Lava effusion detected at Cleveland volcano, Aviation Color Code raised to Orange, Alaska

Lava effusion detected at Cleveland volcano, Aviation Color Code raised to Orange, Alaska

Satellite data from the past day suggest that slow effusion of lava may have begun in the summit crater. Thus, the Alaska Volcano Observatory (AVO) is increasing the Aviation Color Code to ORANGE and the Volcano Alert Level to WATCH on November 8, 2019.

Highly elevated surface temperatures consistent with lava at the surface have been observed over the past day and robust steaming was seen in web camera and satellite data yesterday, AVO added.

However, there is no evidence of explosive, ash-producing activity observed. 

Future explosions at Cleveland are likely and the presence of a lava dome in the summit crater may increase the possibility of this type of activity. They occur without warning and typically produce relatively small volcanic ash clouds that dissipate within hours; however, more significant ash emissions are possible.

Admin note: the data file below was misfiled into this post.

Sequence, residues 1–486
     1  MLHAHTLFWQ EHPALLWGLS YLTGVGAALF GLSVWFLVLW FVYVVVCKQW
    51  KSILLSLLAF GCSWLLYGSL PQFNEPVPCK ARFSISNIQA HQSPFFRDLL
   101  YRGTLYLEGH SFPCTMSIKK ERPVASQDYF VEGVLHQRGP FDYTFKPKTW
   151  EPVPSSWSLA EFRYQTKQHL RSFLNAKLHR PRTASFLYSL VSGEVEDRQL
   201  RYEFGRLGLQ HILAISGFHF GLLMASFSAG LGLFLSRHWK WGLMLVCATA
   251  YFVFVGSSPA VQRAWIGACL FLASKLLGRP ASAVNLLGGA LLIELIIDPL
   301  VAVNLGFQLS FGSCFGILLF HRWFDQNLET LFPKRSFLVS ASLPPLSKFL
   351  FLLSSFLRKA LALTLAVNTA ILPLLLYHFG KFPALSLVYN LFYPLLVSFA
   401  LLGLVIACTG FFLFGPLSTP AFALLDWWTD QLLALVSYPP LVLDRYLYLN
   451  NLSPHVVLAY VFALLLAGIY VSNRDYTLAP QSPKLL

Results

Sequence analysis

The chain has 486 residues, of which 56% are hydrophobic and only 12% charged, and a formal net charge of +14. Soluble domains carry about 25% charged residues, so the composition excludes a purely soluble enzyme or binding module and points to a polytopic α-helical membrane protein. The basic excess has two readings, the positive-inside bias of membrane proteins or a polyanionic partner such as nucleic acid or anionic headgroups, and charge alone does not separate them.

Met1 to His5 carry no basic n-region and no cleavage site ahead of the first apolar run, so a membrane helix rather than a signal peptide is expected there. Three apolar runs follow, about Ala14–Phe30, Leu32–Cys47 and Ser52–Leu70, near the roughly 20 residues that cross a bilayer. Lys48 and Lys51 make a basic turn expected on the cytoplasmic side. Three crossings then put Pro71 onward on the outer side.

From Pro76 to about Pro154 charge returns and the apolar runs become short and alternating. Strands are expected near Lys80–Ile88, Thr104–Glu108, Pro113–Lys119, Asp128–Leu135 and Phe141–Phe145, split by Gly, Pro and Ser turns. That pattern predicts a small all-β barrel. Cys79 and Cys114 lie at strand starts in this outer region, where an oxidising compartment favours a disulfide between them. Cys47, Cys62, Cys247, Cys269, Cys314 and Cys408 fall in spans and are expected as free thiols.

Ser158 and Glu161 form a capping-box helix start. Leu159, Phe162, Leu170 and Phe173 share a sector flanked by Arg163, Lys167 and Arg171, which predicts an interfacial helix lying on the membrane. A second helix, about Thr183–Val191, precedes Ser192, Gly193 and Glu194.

Photo taken on April 27, 2019. Looking south at some of the Islands of Four Mountains volcanoes. Volcanoes from left to right: Kagamil, Cleveland, Carlile, Herbert. Photo courtesy of Dave Clum

Geological summary

Beautifully symmetrical Mount Cleveland stratovolcano is situated at the western end of the uninhabited, dumbbell-shaped Chuginadak Island. It lies SE across Carlisle Pass strait from Carlisle volcano and NE across Chuginadak Pass strait from Herbert volcano.

Cleveland is joined to the rest of Chuginadak Island by a low isthmus. The 1730-m-high (5 675 feet) Mount Cleveland is the highest of the Islands of the Four Mountains group and is one of the most active of the Aleutian Islands. The native name for Mount Cleveland, Chuginadak, refers to the Aleut goddess of fire, who was thought to reside on the volcano.

Numerous large lava flows descend the steep-sided flanks. It is possible that some 18th to 19th century eruptions attributed to Carlisle should be ascribed to Cleveland (Miller et al., 1998).

In 1944 Cleveland produced the only known fatality from an Aleutian eruption. Recent eruptions have been characterized by short-lived explosive ash emissions, at times accompanied by lava fountaining and lava flows down the flanks. (GVP)

Featured image credit: Dave Clum


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